Friday, September 02, 2005

being prepared

marjorie says…

The size of the devastation is reportedly 90,000 square miles, larger than Great Britain. What is becoming increasingly clear is that the federal response is incredibly late, incredibly inadequate.

And we can NOT say that this horror, this tragedy is a surprise. Here is an excerpt from an article ran in the Houston Chronicle in December 2001 predicting exactly what we are seeing now:

DECEMBER 2001, The Foretelling of a Deadly Disaster:

New Orleans is sinking.

And its main buffer from a hurricane, the protective Mississippi River delta, is quickly eroding away, leaving the historic city perilously close to disaster.

So vulnerable, in fact, that earlier this year the Federal Emergency Management Agency ranked the potential damage to New Orleans as among the three likeliest, most catastrophic disasters facing this country.

The other two? A massive earthquake in San Francisco, and, almost prophetically, a terrorist attack on New York City.

The New Orleans hurricane scenario may be the deadliest of all.

In the face of an approaching storm, scientists say, the city's less-than-adequate evacuation routes would strand 250,000 people or more, and probably kill one of 10 left behind as the city drowned under 20 feet of water. Thousands of refugees could land in Houston.

Economically, the toll would be shattering.

Southern Louisiana produces one-third of the country's seafood, one-fifth of its oil and one-quarter of its natural gas. The city's tourism, lifeblood of the French Quarter, would cease to exist. The Big Easy might never recover.

The horror of this tragedy shows the consequences of downsizing the social supports and safety nets that have been painstakingly constructed over decades. Case in point: FEMA. Our Federal Emergency Management Agency has been systematically dismantled since 9/11 in favor of the construction of the Department of Homeland Security, which is focused on Terrorism. What are we hearing from that Department in all of this? Nada. It’s FEMA this, FEMA that.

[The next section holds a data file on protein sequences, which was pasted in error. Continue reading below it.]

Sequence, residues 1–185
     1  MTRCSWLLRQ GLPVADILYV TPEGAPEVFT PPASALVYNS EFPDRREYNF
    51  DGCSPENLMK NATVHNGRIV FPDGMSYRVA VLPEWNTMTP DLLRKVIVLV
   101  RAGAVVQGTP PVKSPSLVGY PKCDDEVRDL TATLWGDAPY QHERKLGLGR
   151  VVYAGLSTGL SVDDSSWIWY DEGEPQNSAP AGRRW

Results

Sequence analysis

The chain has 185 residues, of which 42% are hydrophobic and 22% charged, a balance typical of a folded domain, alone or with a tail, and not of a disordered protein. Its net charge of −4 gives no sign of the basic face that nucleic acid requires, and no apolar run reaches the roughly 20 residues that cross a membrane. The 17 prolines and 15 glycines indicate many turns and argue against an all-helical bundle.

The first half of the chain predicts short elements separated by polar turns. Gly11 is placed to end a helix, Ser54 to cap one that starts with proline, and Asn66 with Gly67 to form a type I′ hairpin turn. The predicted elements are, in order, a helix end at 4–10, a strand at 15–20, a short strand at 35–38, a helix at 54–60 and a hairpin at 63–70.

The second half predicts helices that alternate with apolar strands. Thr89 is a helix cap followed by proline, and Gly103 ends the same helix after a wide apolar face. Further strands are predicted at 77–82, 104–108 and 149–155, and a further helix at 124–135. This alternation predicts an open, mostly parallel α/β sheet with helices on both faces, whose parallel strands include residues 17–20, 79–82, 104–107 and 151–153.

How could this happen in a Western country?

The U.N.'s humanitarian chief, Jan Egeland, said Katrina was one of history's most damaging natural disasters. He said it had caused more destruction than last year's December 26 tsunami that killed an estimated 180,000 across southern Asia, AP reported.

In the Netherlands, much of which lies below sea level as in New Orleans, there was some consternation that the Louisiana city was so poorly prepared, AP reported.

The nation installed massive hydraulic sea walls known as the Delta Works after devastating floods in 1953.

"I don't want to sound overly critical, but it's hard to imagine that [the damage caused by Katrina] could happen in a Western country," Ted Sluijter, press spokesman for Neeltje Jans, the public park where the Delta Works are exhibited, was reported as saying by AP.

"It seemed like plans for protection and evacuation weren't really in place, and once it happened, the coordination" was poor.

From the Houston Chronicle:

In a statement on CNN, New Orleans Mayor Nagin said Thursday: "This is a desperate SOS.

"Right now, we are out of resources at the convention center and don't anticipate enough buses. We need buses. Currently, the convention center is unsanitary and unsafe and we're running out of supplies."

Said refugee Kevin Clark, 10, who was at the shelter with his 68-year-old grandfather, "I'm scared. I slept on the ground last night. I don't have anything to eat. I haven't eaten since Monday."

From the BBC

The BBC's Matt Frei, in New Orleans, says conditions in the city's convention centre, where up to 20,000 more are stranded, are the most wretched he has seen anywhere, including crises in the Third World.

"You've got an entire nursing home evacuated five days ago - people in wheelchairs sitting there and slowly dying," he says.